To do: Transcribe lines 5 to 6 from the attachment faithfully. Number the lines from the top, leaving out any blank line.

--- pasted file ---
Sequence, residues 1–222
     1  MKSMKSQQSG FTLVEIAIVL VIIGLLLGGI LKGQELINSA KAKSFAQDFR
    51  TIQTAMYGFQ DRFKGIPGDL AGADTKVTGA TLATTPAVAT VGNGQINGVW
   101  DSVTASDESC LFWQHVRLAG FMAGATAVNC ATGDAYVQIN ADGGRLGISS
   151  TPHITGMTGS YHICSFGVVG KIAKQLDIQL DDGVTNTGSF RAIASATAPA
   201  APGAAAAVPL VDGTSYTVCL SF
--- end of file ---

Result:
   151  TPHITGMTGS YHICSFGVVG KIAKQLDIQL DDGVTNTGSF RAIASATAPA
   201  APGAAAAVPL VDGTSYTVCL SF